Juliana Rotich didn’t grow up in Nairobi, but the Kenyan capital has been her official full-time home since 2011. Now, she describes the city as “another node in my network.” It’s a suitable metaphor for a woman who’s immersed in the technology business, from her work at the nonprofit data and mapping collective, Ushahidi, to her development of the Internet-enabling device, BRCK. Here, she shares some of the places she loves about her current home town, including a good place to pick up chapati and the best spot to admire baby elephants. That’s right. Baby elephants. [All photographs by Nairobi native, Joshua Wanyama, a 2009 TED Fellow, the curator of TEDxNairobi and an avid photographer who runs the African micro stock photography website Africa Knows.]
I love the stalls and vendors in this colorful market.
Auntie Naite Cafe
As a team, we often go for lunch at this shack in Kibera (that’s me in this picture!) It has fantastic pilau rice, chapati and meat. I think it is owned and run by a Nubian family. If Anthony Bourdain ever came to Kenya, I would take him here.
View over Uhuru Park
There is a viewpoint over Uhuru Park from Lavington. It’s green in the foreground with the city in the background.
Nairobi National Park
The National Park is within 20 minutes of the city, making Nairobi very unique because you can get away and quickly get to a savannah-like atmosphere with lions, elephants and rhinos. Though elephant and rhino numbers are dwindling because of increased poaching activity; very worrisome.
Kenyatta International Conference Center
Built in 1969 and designed by David Mutiso and Karl Nostvik, I am in awe of this building when I see it. It is a historical building that is equal parts modern with some African inspiration; the interior also has some beautiful fractals. Kenyatta International Conference Center, Harambee Avenue, Nairobi.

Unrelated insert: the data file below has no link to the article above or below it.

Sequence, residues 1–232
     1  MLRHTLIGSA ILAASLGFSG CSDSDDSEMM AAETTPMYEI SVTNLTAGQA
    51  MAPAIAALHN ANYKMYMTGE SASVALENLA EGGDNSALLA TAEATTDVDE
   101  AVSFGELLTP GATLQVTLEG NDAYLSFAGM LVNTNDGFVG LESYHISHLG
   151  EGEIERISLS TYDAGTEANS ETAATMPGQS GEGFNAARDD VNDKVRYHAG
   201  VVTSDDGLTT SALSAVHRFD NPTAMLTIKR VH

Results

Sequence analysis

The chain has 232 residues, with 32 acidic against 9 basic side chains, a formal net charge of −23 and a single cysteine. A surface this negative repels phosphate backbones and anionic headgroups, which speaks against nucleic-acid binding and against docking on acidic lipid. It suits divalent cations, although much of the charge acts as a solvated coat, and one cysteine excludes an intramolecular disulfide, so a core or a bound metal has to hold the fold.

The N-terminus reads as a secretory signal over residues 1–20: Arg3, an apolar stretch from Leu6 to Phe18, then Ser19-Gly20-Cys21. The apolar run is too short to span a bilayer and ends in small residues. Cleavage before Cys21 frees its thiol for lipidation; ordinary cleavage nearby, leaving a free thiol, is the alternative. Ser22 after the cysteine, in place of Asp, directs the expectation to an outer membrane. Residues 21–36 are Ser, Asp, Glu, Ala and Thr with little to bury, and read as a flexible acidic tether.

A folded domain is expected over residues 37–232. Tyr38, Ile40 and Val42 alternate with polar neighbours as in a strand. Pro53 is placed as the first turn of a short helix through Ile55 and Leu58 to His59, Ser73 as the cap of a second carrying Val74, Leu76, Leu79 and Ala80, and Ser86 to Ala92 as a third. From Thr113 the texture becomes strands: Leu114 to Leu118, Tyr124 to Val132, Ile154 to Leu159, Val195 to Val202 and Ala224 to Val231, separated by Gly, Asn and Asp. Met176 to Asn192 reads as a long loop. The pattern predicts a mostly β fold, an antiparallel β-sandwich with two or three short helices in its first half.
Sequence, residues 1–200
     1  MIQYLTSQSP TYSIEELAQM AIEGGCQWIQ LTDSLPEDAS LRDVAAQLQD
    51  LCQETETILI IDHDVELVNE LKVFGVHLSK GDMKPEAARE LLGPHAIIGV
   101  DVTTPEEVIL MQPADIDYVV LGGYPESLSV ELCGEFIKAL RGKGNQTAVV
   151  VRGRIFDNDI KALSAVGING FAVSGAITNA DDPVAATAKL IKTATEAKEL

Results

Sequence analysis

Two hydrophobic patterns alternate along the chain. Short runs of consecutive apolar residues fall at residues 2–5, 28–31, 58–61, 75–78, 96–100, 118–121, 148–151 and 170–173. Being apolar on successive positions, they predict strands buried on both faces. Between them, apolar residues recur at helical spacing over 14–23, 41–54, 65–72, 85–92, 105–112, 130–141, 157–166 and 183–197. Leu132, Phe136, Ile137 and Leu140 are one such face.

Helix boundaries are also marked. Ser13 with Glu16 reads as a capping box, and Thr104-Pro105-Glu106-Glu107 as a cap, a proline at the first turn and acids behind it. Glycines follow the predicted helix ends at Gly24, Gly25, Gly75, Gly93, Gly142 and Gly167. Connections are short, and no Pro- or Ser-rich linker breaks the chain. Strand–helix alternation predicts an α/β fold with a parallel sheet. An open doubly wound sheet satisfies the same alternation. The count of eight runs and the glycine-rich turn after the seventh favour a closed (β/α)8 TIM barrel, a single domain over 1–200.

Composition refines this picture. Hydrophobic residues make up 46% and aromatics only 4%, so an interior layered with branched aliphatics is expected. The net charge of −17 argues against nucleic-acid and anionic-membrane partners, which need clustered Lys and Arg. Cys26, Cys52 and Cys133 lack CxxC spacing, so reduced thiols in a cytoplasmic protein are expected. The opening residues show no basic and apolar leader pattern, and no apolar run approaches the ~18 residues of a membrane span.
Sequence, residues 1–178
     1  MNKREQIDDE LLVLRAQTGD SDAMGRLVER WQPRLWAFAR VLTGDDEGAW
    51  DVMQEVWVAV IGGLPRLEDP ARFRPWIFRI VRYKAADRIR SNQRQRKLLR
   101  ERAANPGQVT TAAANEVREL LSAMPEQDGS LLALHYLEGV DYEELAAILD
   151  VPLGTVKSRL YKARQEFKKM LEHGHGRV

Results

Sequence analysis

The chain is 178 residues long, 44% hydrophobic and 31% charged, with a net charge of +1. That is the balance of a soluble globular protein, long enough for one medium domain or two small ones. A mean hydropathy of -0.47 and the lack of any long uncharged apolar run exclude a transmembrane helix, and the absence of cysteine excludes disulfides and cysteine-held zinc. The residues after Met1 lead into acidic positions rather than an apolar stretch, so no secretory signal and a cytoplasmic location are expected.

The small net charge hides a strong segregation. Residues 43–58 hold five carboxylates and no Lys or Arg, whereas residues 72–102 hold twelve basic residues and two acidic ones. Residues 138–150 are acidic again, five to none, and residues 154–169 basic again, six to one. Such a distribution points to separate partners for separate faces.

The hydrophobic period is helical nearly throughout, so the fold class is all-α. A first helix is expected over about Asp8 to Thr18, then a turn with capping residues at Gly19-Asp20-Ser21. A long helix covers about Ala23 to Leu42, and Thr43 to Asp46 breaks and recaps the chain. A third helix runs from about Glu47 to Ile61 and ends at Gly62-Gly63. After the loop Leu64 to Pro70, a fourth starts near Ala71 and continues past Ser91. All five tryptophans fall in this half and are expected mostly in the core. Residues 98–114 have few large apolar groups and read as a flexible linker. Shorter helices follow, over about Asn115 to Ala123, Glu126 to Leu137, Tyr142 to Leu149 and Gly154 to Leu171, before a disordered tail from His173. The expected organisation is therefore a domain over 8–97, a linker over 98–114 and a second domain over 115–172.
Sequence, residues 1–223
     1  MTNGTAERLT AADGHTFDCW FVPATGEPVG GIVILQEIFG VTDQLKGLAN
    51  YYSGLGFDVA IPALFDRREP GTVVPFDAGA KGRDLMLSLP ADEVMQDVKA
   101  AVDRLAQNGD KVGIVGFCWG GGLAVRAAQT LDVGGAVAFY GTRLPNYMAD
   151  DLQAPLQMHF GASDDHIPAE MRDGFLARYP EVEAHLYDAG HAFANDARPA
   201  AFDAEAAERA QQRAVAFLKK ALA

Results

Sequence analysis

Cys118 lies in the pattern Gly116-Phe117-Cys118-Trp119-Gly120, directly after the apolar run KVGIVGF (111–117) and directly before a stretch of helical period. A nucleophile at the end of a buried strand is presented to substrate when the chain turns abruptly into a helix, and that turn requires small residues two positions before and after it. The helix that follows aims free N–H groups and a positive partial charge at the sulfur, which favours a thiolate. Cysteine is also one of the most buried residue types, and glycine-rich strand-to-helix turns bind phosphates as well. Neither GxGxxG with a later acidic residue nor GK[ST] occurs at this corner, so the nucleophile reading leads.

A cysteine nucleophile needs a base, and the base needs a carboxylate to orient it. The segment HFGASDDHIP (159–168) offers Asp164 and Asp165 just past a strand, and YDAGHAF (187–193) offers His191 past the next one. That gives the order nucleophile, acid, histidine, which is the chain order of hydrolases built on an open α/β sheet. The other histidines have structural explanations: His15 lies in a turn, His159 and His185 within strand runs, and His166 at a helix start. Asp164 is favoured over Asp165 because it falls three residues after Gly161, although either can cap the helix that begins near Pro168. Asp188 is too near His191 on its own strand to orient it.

David Sheldrick Wildlife Trust
An orphanage for baby elephants… Seriously, you can’t go wrong with baby elephants! David Sheldrick Wildlife Trust, Nairobi National Park, Bogan Gate, Magadi Road, Nairobi
This is an old colonial building in the middle of the city. I like the classic look of it; it seems to exude immortality.
iHub and Ushahidi
I spend a lot of my time in this building. The Ushahidi office is several floors below the iHub (we refer to it as the “Batcave.” We are corny like that.) Here, Abigael Wangui (seated) of the iHub UX Lab talks to my fellow TED Fellow Dr. Sheila Ochugboju (standing). iHub, Bishop Magua Center, George Padmore Lane, Nairobi.
Ann McCreath of this clothing label is not only a great designer, but a good friend who once kept her store open past closing hours for me and helped me pick out skirts, dresses and jewelry for a big event I was attending. I felt so spoiled. Kikoromeo, Yaya Center, Kilimani, Nairobi.
Read more about Juliana Rotich and her life and work in Nairobi. This article was published as part of our “Questions Worth Asking” series. This week’s teaser: “What makes a city feel like home?”